EEG patterns in patients with calcified neurocysticercosis with or without hippocampal atrophy

Naoum P. Issa, Mark J. Sedler, Victor J. Del Brutto, Elizabeth Darsan, Lucía Milla, Jessica Montes, Mauricio Zambrano, Oscar H. Del Brutto

Research output: Contribution to journalArticlepeer-review

4 Scopus citations


Purpose: To assess whether hippocampal atrophy develops in conjunction with clinical or subclinical epileptiform or encephalopathic activity in subjects with neurocysticercosis (NCC). Methods: Using a population-based and nested case-control study design, scalp EEGs and brain MRIs were performed in Atahualpa residents aged $ 40 years, who have imaging-confirmed NCC (case patients), as well as in age- and sex-matched NCC-free control subjects. Results: Sixty-two case patients and 62 control subjects were included. Encephalopathic EEG patterns were more common in five NCC subjects with epilepsy than in those without a history of seizures. Epileptiform EEG activity was noted in one patient with NCC but in none of the control subjects. This subject's focal epileptiform discharges correlated with the location of calcified cysticerci in the brain parenchyma, and the hippocampus ipsilateral to the epileptiform discharges was more atrophic than the contralateral hippocampus. The degree of hippocampal atrophy in patients with NCC without a history of seizures was significantly greater than in control subjects (P, 0.01) and tended to be even greater in patients with NCC with a history of seizures. Conclusions: Hippocampal atrophy may not be exclusively related to seizure activity in patients with NCC. Other mechanisms, such as recurrent bouts of inflammation around calcified cysticerci, might explain the association between NCC and hippocampal atrophy.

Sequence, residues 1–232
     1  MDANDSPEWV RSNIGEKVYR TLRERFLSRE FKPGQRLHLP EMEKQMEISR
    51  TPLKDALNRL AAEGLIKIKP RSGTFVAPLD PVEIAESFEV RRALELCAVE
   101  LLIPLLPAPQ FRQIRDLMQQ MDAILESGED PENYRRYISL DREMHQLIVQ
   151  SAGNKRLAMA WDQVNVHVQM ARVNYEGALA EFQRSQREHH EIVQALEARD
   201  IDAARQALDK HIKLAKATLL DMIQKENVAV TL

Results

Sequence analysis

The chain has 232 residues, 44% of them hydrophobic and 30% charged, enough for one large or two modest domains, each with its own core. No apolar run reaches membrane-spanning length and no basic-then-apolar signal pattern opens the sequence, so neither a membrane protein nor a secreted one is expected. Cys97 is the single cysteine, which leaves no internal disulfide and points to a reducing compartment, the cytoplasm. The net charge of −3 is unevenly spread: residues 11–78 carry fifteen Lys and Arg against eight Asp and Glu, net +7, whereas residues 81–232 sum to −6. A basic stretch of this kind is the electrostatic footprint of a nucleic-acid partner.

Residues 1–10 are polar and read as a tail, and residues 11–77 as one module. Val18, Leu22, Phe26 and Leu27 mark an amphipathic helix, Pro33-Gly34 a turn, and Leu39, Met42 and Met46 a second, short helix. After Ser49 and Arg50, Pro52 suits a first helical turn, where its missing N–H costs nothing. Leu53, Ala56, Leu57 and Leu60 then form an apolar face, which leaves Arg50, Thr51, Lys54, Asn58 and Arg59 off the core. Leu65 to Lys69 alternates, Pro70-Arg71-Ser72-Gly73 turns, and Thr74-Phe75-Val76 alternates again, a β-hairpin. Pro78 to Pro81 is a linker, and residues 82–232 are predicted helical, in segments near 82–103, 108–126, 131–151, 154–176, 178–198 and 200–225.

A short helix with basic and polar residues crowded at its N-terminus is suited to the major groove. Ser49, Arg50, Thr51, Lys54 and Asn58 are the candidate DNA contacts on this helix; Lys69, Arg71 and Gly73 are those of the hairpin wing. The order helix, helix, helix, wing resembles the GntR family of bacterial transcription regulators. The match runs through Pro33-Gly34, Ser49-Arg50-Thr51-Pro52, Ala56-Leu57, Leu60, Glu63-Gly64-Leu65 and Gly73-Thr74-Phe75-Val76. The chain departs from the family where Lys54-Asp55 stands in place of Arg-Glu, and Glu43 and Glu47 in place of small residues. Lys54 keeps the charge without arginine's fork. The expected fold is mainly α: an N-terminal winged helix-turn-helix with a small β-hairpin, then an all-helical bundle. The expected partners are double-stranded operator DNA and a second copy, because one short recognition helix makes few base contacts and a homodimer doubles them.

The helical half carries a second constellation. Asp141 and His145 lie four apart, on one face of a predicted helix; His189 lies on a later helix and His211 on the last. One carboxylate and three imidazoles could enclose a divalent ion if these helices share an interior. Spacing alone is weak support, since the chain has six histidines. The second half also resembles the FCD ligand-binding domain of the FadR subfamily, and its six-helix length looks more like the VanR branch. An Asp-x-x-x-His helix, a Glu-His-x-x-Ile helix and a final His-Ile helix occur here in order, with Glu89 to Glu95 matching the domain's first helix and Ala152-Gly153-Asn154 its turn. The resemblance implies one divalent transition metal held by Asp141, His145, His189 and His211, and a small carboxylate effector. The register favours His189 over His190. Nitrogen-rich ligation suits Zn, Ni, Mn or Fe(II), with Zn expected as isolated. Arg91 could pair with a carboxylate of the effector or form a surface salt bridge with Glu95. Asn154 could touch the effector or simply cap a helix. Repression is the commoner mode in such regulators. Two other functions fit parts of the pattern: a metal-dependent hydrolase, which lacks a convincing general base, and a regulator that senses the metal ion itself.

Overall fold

Original languageEnglish (US)
Pages (from-to)232-238
Number of pages7
JournalJournal of Clinical Neurophysiology
Issue number4
StatePublished - 2018
Externally publishedYes


  • Epilepsy
  • Hippocampal atrophy
  • Neurocysticercosis
  • Population-based study

ASJC Scopus subject areas

  • Physiology
  • Neurology
  • Clinical Neurology
  • Physiology (medical)


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